Posts Tagged With: switchbacks

BIKERS AND PEDESTRIANS ONLY

We left Wilsonville to continue scenic Historic Highway 30 with Jim complaining about poor signage. We kept seeing highway 84 East. We finally found the way, only to drive a couple miles and discover that Highway 30 is closed for four and one-half  miles to everything but pedestrians and bicyclers.  The roadway is a state park. The ranger informed us that the tunnel entrance and overpasses were made for Model A’s and modern vehicles can’t get through them.

Here is a picture from the visitors center showing a section of the old road we didn’t get to see.

And, an old photo of the building of this almost insurmountable task. It’s quite a show.

What we did see was pretty spectacular.  The switch-backs  take your  breath away.

The scenery does too.

No water falls on this section, but the hills were abloom. We stopped at several overlooks but the wind was so fierce we didn’t hike very far though there are many trails available.

We covered a short nine miles yesterday and dropped into the visitor’s center. We ate lunch in the parking lot and spent two plus hours viewing the history and learning about the geology of the gorge.  A very worthwhile stop for all travelers.

Unique to this center is an educational showing of several raptors they keep. All have been injured in some way and cannot be released to the wild. The kestral, above is the smallest raptor from the area.

A female red tail hawk has an injured wing.

A male great horned owl is nearly blind and can’t feed itself.

Yesterday, we visited the Bonneville Dam and fish hatchery near the end of the day. It, too is worth a visit. I had never seen a fish ladder and always wondered how they count the fish.

The ladder was built after the dam. No one knew if it would actually work, but the spawning fish took to it right away. Ladders are easier than some of the falls and rapids they have to navigate.  They are provided a resting area that funnels them by windows where counters view them and press a button for every fish they see moving  upstream.

The viewing windows for the public were pretty murky. Various breeds spawn at different times of year. The Chinook spawn is just about over. We didn’t see many fish, but it was fascinating even so. We are parked at the Dalles.

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HOOVER DAM BY-PASS TO LAS VEGAS

From Kingman to Las Vegas takes you by way of Old Historic Highway 66. There are a few old buildings reminiscent of the times, but progress is progress.

I was excited about seeing the new by-pass of Hoover Dam, having driven over the dam in the 1980’s. And, I did take pictures then of that exciting, amazing, curling, switch backed drive, but no digital.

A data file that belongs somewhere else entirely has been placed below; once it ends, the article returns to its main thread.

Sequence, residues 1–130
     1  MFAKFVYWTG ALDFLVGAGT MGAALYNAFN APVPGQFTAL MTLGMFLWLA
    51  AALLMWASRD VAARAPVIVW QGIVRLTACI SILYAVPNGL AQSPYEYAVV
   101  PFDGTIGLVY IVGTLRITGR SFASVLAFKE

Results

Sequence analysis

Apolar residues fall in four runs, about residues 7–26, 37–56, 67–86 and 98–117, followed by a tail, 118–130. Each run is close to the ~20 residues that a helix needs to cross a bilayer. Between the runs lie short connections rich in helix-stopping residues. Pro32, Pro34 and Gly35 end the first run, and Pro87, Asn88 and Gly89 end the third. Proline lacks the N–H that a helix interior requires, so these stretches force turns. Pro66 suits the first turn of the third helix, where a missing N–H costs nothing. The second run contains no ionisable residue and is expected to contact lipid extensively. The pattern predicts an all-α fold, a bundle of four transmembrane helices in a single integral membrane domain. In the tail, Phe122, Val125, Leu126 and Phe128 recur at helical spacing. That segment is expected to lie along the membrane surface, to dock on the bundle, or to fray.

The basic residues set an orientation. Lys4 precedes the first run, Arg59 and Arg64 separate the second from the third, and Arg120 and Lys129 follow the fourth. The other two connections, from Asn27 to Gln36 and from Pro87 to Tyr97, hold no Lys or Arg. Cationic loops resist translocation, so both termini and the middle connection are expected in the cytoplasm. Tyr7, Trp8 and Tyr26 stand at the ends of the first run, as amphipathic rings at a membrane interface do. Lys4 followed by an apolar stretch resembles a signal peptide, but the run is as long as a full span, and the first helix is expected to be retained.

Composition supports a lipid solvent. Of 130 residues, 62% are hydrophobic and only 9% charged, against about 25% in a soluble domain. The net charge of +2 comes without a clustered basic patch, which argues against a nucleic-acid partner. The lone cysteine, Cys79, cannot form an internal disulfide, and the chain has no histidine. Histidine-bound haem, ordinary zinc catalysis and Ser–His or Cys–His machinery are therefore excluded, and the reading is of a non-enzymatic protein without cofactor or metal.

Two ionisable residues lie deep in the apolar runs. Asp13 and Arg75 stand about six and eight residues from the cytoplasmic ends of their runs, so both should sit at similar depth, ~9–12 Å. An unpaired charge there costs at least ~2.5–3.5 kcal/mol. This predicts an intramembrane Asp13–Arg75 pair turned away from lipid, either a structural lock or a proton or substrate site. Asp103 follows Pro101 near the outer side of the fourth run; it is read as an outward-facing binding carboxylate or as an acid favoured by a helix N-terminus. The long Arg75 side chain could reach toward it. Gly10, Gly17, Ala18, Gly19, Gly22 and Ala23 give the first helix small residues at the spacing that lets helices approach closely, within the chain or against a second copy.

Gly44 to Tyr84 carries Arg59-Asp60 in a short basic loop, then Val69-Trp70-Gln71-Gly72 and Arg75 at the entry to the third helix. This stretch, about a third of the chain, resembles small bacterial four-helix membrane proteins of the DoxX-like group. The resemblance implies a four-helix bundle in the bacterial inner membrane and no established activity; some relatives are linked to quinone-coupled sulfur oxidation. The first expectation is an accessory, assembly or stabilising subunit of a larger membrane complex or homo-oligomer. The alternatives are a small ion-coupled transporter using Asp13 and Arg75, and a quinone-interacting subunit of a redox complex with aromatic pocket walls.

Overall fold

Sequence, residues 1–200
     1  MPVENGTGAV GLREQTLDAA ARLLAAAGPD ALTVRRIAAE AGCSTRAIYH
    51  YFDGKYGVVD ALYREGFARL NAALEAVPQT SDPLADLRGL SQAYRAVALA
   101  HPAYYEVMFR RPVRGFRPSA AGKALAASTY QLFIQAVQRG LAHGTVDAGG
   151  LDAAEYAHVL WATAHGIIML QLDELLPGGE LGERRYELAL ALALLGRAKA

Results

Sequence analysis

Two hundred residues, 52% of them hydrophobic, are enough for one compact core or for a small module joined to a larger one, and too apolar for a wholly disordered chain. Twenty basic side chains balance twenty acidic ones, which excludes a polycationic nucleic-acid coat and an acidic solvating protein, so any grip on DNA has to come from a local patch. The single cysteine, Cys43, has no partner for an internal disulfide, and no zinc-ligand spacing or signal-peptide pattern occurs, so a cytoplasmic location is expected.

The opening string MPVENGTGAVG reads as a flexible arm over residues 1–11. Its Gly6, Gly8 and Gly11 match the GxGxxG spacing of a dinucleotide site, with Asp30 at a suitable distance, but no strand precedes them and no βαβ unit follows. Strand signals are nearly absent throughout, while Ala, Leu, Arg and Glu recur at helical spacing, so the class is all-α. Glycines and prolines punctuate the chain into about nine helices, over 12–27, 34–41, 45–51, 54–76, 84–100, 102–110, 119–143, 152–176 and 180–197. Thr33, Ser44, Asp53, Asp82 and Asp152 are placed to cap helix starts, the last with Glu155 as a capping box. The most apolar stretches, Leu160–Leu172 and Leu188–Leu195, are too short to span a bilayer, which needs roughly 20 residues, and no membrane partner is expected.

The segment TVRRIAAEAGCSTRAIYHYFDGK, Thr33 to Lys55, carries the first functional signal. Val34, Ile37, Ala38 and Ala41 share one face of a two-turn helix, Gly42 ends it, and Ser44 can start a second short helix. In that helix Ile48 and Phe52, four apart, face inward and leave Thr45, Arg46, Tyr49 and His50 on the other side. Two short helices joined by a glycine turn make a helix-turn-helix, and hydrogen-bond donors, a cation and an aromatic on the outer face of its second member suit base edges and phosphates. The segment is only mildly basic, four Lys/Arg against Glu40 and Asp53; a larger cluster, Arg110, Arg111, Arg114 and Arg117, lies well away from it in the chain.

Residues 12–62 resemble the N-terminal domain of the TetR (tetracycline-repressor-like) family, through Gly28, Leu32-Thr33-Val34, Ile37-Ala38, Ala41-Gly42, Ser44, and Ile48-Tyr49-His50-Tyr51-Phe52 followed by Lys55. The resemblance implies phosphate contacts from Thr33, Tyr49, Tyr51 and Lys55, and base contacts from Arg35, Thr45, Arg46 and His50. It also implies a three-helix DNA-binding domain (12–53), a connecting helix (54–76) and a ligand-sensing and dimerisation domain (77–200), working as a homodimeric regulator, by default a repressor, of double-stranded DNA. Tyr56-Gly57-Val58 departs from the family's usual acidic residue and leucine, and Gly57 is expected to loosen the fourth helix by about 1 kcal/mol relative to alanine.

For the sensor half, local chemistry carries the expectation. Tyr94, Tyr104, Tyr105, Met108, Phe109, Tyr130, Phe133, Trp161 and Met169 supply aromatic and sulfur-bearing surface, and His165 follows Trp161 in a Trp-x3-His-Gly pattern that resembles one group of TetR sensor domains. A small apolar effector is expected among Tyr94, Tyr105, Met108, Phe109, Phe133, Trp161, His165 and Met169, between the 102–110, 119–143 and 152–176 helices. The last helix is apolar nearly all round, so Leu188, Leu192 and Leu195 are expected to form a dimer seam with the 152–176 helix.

From the  by-pass, it was a very quick glimpse from the passenger side of the motor home of a small section of the dam.  From an auto, it may not have been visible at all. The blue, blue Colorado River was in evidence, and the parking lot for tours of the dam.

Part of the electric grid could be seen, reminding travelers what this dam means to the Los Angeles Basin. The new bridge is beautiful, but the old road was spectacular. Darn.
I was under the impression that the by-pass was built at huge cost because the old road was dangerous. It certainly could be construed as dangerous, with its tight, turns, over cement abutments amid the sound of roiling water which made it the most interesting dam I’ve ever visited and one of the most beautiful. Touring the dam makes you respect the immensity of the project and dazzles your sense of proportion. At the dam, there is a picture of Blackie, a dog the original dam workers adopted. I did a story on Blackie back when I was a feature writer.
I was told by a gentleman in our last camp that the by-pass was built to prevent terrorism. Then, we watched helicopters flying over the dam for $29 a ride. So, I went to the web site and that isn’t the case at all. The tight switchbacks, and slow travel was the reason. Its the only crossing of the Colorado in the West that is connected to a viable highway. But, you can decide for yourself: http://www.hooverdambypass.org/faq.htm

Its also a given that the first thing you see when you reach the outskirts of Vegas is a Casino.  And, we have a couple shows are on our list.
Our visit here is two-fold. We will visit my son and his family and my daughter, both live in nearby Henderson. And, Jim’s son who flies into Vegas from Connecticut tomorrow for a conference.
I remember my first visit to Las Vegas, in the early 1960’s in July. I stood in the narrow shadow of a street light at every corner crossing. The heat was nearly unbearable. Yesterday was cool and mostly sunny. Ahh, the right time of year for fun in Vegas.

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